Despite the Northern Star album being founded on Melanie C’s willingness to diversify, one of the biggest surprises about Goin’ Down is that it’s co-written by Richard ‘ Biff’ Stannard. He’s credited on some of the Spice Girls’ biggest hits – including Wannabe, 2 Become 1, Spice Up Your Life and Viva Forever – yet there’s little, if any, obvious link to them whatsoever. In some respects, that makes the song being such an authentic departure all the more impressive because it shows the propensity to create music like this had been there all along.
The video for Goin’ Down is notable, though mainly as a formal introduction to Melanie C’s new image – which inevitably garnered interest – than for anything specifically that happens. It’s set at a crowded warehouse party where the track is performed while the police surround the building, seemingly unable to get in. There is a scale to the visuals; Melanie C is jostled by enough extras to make it look convincingly like hundreds of people are at the party, while the Los Angeles location allows for some gorgeous dusky-twilight shots, which are an effective contrast to the dark, dingy interior of the warehouse. Aesthetically and conceptually, this immediately creates distance from the Spice Girls’ visuals.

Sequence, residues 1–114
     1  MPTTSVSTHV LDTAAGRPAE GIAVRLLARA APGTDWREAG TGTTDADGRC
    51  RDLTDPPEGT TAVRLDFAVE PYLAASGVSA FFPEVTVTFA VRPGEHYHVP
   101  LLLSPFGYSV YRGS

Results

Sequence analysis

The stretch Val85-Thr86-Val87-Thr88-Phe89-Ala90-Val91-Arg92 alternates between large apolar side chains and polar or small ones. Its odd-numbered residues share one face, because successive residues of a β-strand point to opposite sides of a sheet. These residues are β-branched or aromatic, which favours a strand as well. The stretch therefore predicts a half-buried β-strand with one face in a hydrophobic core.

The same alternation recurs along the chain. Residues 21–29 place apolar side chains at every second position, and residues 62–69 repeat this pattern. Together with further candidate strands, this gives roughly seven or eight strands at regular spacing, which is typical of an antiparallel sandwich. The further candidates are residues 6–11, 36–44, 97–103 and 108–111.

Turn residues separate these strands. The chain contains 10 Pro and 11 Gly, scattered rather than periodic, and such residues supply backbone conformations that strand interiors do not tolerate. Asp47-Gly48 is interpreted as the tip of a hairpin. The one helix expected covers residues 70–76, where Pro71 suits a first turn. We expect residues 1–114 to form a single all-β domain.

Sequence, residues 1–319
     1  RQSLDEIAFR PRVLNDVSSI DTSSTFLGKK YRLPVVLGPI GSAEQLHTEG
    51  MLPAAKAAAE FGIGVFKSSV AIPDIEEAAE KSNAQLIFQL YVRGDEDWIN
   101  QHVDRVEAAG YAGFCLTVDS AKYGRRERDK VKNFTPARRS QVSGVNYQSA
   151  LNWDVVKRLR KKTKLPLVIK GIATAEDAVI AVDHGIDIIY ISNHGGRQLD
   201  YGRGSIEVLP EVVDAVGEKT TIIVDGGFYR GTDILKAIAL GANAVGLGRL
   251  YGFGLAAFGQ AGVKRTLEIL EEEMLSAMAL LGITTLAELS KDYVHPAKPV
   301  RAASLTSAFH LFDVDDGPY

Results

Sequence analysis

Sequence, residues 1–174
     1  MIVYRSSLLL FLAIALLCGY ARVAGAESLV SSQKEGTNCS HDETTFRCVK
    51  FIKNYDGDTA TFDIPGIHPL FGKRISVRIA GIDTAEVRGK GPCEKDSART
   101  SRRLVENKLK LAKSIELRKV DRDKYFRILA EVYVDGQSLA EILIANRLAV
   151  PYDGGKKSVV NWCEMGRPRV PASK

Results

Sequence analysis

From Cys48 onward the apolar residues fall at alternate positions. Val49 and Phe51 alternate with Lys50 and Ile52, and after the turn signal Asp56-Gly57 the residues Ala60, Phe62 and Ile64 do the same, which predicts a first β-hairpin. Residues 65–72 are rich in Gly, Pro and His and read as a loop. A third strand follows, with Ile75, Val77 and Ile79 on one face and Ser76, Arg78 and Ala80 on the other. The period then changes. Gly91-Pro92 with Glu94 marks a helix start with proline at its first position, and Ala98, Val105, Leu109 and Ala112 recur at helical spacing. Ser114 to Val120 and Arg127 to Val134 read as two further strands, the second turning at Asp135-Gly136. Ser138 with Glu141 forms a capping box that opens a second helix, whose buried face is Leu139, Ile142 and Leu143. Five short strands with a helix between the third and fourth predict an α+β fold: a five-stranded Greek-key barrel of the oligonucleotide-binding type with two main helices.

As does the styling. It’s not outrageous; Melanie C wears a black vest top and a tartan skirt. However, it shows just how ingrained the Spice Girls’ image had become that even if what they wore wasn’t themed directly to their nickname personas, each member of the group had a prescribed ‘look’ and certain items of clothing that didn’t fit that. Thus, a tartan skirt would never have featured in Sporty Spice’s wardrobe, let alone her having a short, spiky hairdo. That, though, is precisely the sort of conditioning Melanie C wanted to challenge, and while it was taken to an extreme, in all likelihood, anything less wouldn’t have worked. Goin’ Down had to cut all ties with what came before to be judged on its own merit, however much that was ever possible for any of the Spice Girls.